Tuesday night Rachel Maddow connected the dots on the new indictment of Donald Trump's ally Tom Barrack for effectively being a foreign agent for the UAE.
Maddow noted that CNN reported Wednesday night that the prosecutors in the case had all of the evidence necessary to charge Barrack last year, but were waylaid by the U.S. Attorney overseeing the investigation.
"Prosecutors wanted to move forward on the case and believed they could obtain an indictment, one source familiar with the matter said. The source said the investigation was mostly done well before the time period when prosecutors are discouraged from advancing politically sensitive matters ahead of an election," reported CNN.
"But two sources tell CNN the US attorney in Brooklyn at the time, Richard Donoghue, expressed misgivings about the case. It's unclear if he delayed the case outright or if prosecutors chose not to move forward at the time knowing the US attorney would not support it," the report continued.
After Richard Donoghue expressed those misgivings, the prosecutors sat on the information. Richard Donoghue was then promoted to a top deputy position under Attorney General Bill Barr at the Justice Department.
"What CNN is reporting here is that federal prosecutors had their case last year," Maddow explained. "They had enough to charge Barrack last year. But this Trump-appointed U.S. Attorney apparently wouldn't let the charges be brought. Then he was brought to Washington and given a big promotion and made a senior leader at main Justice. Only after a new president took over and the Trump appointees got out of there was the case able to go ahead. But reportedly it's unchanged in character since the time they first put it together, it was just delayed and for a long time."
Maddow noted that she does take issue with the characterization CNN had for the indictment, saying that she's seen a lot of media outlets make this mistake. Maddow explained that this isn't actually a lobbying case, it's under federal statutes that name him as an "alleged agent of a foreign power." It's closer to calling someone a spy than a lobbyist. She noted it was the same penal code under which Maria Butina was charged previously before she was shipped off back to Russia.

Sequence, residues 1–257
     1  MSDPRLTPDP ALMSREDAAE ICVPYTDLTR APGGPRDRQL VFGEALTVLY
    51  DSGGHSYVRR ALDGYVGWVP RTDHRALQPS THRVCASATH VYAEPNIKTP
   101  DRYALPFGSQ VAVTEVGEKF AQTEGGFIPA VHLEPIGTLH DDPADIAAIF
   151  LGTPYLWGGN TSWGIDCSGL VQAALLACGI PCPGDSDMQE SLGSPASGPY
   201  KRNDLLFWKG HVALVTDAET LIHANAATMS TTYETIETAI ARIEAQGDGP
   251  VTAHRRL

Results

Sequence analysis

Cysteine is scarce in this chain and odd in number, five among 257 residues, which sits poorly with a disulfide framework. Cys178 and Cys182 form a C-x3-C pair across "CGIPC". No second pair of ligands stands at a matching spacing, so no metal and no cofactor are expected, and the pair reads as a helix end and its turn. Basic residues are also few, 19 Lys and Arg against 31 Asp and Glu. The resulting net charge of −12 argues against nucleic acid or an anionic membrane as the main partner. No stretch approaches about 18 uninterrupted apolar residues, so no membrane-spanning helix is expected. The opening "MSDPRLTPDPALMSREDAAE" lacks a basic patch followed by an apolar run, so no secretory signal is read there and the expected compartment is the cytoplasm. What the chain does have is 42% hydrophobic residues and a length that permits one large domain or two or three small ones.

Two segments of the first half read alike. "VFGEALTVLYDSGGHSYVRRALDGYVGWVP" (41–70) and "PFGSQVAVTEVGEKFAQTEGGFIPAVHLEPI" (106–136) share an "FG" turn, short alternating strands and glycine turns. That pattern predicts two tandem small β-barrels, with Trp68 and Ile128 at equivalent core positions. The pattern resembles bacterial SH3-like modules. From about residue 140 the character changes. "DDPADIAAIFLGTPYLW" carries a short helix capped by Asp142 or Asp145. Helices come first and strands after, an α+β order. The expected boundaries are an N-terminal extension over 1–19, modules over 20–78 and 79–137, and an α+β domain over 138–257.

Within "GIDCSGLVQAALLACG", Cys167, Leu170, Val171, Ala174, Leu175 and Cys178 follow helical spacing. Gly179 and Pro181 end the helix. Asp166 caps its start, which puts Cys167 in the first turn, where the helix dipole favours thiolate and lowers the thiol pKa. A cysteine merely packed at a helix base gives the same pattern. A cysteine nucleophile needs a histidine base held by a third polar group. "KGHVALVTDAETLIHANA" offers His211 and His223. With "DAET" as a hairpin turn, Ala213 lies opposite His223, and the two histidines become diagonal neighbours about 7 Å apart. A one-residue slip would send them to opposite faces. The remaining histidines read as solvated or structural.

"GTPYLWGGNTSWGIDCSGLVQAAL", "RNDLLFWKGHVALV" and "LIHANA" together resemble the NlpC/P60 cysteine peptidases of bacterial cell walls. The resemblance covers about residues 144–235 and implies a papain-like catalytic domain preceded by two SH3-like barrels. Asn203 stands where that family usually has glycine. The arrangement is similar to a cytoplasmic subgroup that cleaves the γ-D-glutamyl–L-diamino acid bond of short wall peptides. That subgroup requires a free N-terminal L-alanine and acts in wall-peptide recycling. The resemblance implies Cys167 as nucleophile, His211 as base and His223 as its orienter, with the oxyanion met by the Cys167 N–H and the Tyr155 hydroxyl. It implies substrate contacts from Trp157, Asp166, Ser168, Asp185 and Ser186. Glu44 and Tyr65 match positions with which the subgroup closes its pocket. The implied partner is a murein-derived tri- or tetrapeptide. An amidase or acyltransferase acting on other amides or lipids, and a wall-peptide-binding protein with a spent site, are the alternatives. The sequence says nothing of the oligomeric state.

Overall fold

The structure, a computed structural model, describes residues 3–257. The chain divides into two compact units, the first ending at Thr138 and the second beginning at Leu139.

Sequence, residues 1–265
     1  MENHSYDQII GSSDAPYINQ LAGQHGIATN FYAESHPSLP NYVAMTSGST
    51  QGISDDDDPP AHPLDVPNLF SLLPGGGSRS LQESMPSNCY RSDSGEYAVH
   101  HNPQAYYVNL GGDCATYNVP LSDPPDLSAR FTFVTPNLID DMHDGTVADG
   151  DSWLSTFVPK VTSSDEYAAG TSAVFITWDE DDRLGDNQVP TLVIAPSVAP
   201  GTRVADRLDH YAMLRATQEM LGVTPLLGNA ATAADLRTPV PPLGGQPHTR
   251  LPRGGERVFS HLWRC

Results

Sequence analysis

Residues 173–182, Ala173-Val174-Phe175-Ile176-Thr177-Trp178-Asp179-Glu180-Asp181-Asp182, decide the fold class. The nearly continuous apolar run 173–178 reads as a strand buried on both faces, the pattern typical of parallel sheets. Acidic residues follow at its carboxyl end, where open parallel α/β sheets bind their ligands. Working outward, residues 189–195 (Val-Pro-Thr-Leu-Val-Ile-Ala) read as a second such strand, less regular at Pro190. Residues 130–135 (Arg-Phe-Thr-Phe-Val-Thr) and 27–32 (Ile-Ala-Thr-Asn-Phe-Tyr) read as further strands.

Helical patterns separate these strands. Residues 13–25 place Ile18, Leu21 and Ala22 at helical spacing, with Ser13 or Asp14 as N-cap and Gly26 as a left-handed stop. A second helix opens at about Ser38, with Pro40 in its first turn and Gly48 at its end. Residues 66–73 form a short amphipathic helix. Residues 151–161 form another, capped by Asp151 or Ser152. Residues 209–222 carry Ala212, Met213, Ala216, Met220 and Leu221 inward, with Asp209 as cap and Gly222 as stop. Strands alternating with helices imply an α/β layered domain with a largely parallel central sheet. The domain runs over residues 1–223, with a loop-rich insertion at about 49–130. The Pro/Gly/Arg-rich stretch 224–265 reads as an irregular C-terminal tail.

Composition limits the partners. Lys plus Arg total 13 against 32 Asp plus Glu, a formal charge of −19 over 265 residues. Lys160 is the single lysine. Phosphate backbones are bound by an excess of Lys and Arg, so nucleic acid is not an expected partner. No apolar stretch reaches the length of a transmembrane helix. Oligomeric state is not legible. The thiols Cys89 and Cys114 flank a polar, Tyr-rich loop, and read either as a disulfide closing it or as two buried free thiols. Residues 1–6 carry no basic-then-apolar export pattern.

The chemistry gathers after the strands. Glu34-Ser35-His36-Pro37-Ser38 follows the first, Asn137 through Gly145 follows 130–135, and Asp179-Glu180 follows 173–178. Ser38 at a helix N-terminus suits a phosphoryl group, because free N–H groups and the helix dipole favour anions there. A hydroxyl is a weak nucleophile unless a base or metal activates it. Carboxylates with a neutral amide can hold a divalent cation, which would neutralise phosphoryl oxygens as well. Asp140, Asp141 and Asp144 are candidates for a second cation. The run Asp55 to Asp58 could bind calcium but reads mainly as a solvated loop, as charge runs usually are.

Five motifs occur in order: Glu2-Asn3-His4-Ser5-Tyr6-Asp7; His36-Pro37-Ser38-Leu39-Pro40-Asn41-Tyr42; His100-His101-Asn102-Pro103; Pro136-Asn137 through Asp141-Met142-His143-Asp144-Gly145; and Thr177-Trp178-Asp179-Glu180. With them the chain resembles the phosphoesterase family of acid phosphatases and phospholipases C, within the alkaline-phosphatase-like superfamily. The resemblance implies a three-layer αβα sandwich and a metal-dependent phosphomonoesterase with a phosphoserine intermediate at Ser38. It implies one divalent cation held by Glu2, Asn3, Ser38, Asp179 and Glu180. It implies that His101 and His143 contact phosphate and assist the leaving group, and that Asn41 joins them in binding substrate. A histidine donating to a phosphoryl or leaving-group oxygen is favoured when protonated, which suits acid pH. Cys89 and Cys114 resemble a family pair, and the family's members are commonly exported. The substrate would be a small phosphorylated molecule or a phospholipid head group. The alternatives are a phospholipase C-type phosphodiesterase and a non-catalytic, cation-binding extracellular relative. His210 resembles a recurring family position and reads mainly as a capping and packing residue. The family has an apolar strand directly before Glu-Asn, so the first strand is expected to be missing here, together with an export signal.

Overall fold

Peter Strzok joined her, agreeing with her assessment that there is a national security and counterintelligence way of looking at the Barrack indictment.
"If you look at the indictment in April of '18, one of the three individuals from the UAE — or one of the three who was indicted, he's interviewed by the FBI," said Strzok. "Three days later, according to the indictment, he flees from his home in California where he's been living, goes overseas, and never returns to the United States again. He is intimately involved with not only Mr. Barrack but very senior high-ranking officials within the Emirati government. The moment he returns, it stands to reason that he is going to tell everybody he's been working with exactly what went on, what he was asked about by the FBI, the nature of the questions about his relationship with Mr. Barrack, the nation of the interactions between the White House and Mr. Barrack. and everybody that matters that he's been working with at the UAE knows what happened."
Strzok explained that it's clear that the UAE was likely watching for the announcement of the indictment or the arrest, but nothing happened, so "they know that there's something going on."
"They know that there's something really horribly politically damaging if it gets out, well, guess what, that gives the Emiratis leverage over not only Barrack but all the folks he's been dealing with in the White House," Strzok went on. "And guess what? Communications are no longer anywhere in this world where it's just between the two people who are talking. So if say, the Saudis were listening in on those conversations, if the Qataris were listening in on those conversations, if the Russians were listening in on the conversations, everybody who was aware of what was going on, suddenly by virtue of that information has leverage to be able to influence the actions of President Trump — the people around him and certainly Mr. Barrack and those people who allegedly were involved in the scheme with him."
Strzok went on to note that it wasn't just a law being broken that would eventually get prosecuted, it's part of a much larger picture that makes the United States vulnerable and the president of the United States vulnerable.
"And think of all the things we still don't know because we haven't yet done a really thorough look at all the different things that were going on by the administration from a counterintelligence perspective," he said.
Watch the videos below:
The Tom Barrack case www.youtube.com
Peter Strzok analysis www.youtube.com